How To Develop Active Reading Skills

Active reading can be more than just highlighting certain sections of a text in order to come back to it later. If done rightly, it requires focus, pre-planning and reflection. Here are some ways to really engage with a piece of text, so as to enjoy and learn.


We all do this to one degree or another, but previewing is simply looking at a text and trying to get a quick idea about what it might be about. Look through headings, chapters, and other information including images. Does it appeal to you? Furthermore, you should try to look at how the main argument seems to be organised.

By taking the time out to preview, you are comparing what you currently know to what you might find out. This process should continue as you read, but it’s good to make a conscious attempt from the start.


Part of comparing what you know, with what you are to learn, is trying to predict what might be included in the text. This way, you are not only starting to engage with the text, but are also laying the foundations for future motivation.

Are you more likely to watch a game of sport if you place a bet on it? The answer for the most is yes, because you are now tied to its outcome.
In predicting, you try to bring into focus all that you know about the matter at hand, which will include author details, understanding of the discipline and other current trends. This is also a great way to refresh your memory, and is a type of 'activation of prior knowledge'.


You should start questioning the text as soon as you start to read. This should continue all the way through your reading. Each question you manage to answer increases your understanding and, if you ask strategic questions, you will get at the information that you are most interested in. Again, in exercising what you know, you are also more liable to store it in your memory.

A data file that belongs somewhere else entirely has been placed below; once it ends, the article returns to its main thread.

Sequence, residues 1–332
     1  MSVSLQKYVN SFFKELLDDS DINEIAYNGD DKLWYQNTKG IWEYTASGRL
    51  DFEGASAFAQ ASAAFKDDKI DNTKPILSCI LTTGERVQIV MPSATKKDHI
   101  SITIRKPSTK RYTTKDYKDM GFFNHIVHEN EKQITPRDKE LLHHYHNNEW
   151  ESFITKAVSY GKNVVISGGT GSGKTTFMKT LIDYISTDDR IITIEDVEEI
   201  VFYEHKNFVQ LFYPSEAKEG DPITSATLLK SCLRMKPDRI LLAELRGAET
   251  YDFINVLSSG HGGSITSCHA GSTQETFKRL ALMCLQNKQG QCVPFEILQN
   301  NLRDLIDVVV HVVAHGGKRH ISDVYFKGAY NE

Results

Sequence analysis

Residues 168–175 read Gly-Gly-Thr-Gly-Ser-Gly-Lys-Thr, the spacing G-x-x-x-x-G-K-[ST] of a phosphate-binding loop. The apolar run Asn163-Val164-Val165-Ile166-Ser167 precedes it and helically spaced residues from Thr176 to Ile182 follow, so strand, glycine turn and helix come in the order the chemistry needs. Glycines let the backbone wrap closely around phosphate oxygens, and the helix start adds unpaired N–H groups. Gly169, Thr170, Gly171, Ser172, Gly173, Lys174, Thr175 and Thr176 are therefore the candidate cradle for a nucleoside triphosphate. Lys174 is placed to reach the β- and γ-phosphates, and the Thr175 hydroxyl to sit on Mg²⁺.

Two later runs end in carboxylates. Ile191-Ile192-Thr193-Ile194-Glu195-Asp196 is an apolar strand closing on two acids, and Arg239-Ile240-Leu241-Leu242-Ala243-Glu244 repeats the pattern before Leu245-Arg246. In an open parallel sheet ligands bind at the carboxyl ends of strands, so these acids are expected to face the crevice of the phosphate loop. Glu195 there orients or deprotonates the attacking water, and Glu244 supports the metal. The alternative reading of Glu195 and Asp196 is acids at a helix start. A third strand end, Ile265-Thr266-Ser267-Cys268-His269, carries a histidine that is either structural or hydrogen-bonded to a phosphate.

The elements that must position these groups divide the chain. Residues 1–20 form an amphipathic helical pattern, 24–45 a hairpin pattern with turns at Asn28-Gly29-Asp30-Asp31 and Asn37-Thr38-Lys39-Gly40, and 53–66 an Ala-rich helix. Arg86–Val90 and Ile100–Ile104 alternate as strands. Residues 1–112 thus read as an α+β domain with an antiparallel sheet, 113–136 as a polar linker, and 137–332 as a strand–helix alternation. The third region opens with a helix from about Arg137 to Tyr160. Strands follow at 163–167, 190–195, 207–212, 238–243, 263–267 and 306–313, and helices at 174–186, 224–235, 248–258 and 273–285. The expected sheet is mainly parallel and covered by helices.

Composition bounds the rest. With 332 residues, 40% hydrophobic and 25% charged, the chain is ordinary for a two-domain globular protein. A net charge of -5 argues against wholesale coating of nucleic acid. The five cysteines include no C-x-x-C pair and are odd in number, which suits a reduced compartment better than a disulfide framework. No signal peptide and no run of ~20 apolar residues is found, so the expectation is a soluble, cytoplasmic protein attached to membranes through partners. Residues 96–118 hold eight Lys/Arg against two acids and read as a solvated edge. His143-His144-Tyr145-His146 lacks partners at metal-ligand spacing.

Interrogating the text means to come at it from different angles – as a detective might – in order to reveal something new. Having a similar attitude to reading is potentially very helpful.


Front covers leave an impression, that’s because images (especially for some people) are more memorable than sounds or words. Either way, visualising is an excellent tool in comprehension and memory. Even if you are reading non-fiction, try to picture what the author is talking about.

Connect with your own life

The chances are that if you are reading something you enjoy then you are more than likely reading something that is in some way connected to your life. Asking personal questions about a text, whether science or literature, can inspire and bring new insights. We know best what we have experienced and this can give confidence in understanding a piece of reading.

Furthermore, if you are not currently doing anything that is related to the text but really enjoy it, then it might be a sign that you should take up whatever it is as a hobby!

This post was kindly contributed by They provide academic writing courses for students at all levels. Their team of experienced tutors is dedicated to helping students develop better academic argument and improving their writing skills.

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